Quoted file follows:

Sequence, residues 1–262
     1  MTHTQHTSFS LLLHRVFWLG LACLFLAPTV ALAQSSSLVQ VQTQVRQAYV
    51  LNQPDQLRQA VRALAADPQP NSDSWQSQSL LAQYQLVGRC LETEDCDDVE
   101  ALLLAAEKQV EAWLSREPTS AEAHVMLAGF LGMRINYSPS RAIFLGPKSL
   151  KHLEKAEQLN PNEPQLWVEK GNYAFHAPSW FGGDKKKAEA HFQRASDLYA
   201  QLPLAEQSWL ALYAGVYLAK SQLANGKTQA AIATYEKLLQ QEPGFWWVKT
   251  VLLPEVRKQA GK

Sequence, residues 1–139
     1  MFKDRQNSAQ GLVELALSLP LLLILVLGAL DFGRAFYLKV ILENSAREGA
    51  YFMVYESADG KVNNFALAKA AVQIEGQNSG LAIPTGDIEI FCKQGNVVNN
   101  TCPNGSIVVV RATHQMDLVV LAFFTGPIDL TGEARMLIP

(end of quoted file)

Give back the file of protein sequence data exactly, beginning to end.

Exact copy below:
Sequence, residues 1–262
     1  MTHTQHTSFS LLLHRVFWLG LACLFLAPTV ALAQSSSLVQ VQTQVRQAYV
    51  LNQPDQLRQA VRALAADPQP NSDSWQSQSL LAQYQLVGRC LETEDCDDVE
   101  ALLLAAEKQV EAWLSREPTS AEAHVMLAGF LGMRINYSPS RAIFLGPKSL
   151  KHLEKAEQLN PNEPQLWVEK GNYAFHAPSW FGGDKKKAEA HFQRASDLYA
   201  QLPLAEQSWL ALYAGVYLAK SQLANGKTQA AIATYEKLLQ QEPGFWWVKT
   251  VLLPEVRKQA GK

Sequence, residues 1–139
     1  MFKDRQNSAQ GLVELALSLP LLLILVLGAL DFGRAFYLKV ILENSAREGA
    51  YFMVYESADG KVNNFALAKA AVQIEGQNSG LAIPTGDIEI FCKQGNVVNN
   101  TCPNGSIVVV RATHQMDLVV LAFFTGPIDL TGEARMLIP